As well as the workshops, we have been meeting daily in small groups to discuss and offer feedback on our early drafts. This was really useful. Sometimes you are too close to a poem, you can’t see its flaws. Of course, it’s your poem and you don’t have to act on the feedback, but at least you have your eyes opened and can implement the advice or not; you can act on some of the advice, all or none of it. On Friday morning we met as a whole group. We had to bring one poem from the week to read to the group and have it discussed and critiqued by the group. I took the poem I’d written at 4.00 a.m. and the feedback I received from the group was really useful. I’m quite excited about this poem.

Apart from the writing, there were readings organised for the evenings after dinner. Kim and Carola read from their work on Tuesday evening. Very different poets, their readings were wonderful. On Wednesday, Ann Gray came to read. Ann won the Poetry Business pamphlet competition in 2018; her pamphlet’s called I Wish I Had More Mothers(Smith Doorstop Books, 2018). So I had to buy that, get it signed, didn’t I? Ann read from her two collections and the pamphlet. On Thursday, course members read two poems each of their own work that they’d brought from home. I read a couple of my ‘alternative mothers’. On Friday we read a couple of poems we’d drafted from the week. These were good evenings, such a variety of poems from fourteen poets. And interesting to see how fourteen poets can come up with fourteen distinct solutions to the same prompt. It was fascinating to try to match the poems people read to the prompts from the week. The woman in the hole in the beach was a give-away in some of the poems; others were less easy to spot.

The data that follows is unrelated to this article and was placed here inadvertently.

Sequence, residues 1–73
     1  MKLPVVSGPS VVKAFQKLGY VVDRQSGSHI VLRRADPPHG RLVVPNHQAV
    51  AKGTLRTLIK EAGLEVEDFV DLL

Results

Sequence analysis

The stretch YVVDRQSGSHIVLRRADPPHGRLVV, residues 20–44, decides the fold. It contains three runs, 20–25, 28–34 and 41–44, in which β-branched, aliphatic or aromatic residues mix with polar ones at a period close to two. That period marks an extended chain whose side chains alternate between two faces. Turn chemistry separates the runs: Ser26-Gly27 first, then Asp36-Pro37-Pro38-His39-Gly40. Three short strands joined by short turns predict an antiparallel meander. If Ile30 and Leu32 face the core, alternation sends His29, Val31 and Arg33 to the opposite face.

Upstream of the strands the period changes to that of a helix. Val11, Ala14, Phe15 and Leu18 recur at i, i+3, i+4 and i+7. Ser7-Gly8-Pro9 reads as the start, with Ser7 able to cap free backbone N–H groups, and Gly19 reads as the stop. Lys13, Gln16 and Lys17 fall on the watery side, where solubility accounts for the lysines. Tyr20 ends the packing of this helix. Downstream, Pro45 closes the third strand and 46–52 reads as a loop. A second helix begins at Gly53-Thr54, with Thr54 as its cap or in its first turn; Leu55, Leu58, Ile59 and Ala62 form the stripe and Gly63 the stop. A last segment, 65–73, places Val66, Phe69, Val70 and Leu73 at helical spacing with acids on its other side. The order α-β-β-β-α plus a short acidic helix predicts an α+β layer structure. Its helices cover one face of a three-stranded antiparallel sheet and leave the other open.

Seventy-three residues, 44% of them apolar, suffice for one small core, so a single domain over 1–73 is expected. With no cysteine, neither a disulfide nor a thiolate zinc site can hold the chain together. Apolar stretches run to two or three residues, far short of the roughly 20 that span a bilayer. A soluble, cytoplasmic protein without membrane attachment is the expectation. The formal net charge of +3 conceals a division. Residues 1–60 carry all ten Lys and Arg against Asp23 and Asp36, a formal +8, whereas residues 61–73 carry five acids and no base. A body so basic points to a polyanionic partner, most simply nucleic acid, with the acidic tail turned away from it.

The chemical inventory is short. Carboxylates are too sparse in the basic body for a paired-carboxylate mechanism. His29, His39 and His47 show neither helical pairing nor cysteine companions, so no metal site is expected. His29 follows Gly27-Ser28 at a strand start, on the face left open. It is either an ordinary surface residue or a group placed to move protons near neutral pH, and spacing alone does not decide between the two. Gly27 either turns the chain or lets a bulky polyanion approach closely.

There has been free time in the afternoons to do the ‘holiday’ bit. Hilary and I walked into St. Ives two or three times, looked in the lovely shops, spent money we didn’t intend to spend on things we didn’t need but we wanted. I’m going home with four new tops, a skirt and two pairs of earrings I didn’t bring with me. On two visits to the town centre we were pooped on by seagulls and had to come back to the hotel for a shower before dinner, and to wash clothes that were bombarded. They keep telling me it’s lucky to be pooped on by a bird; perhaps I should buy a lottery ticket?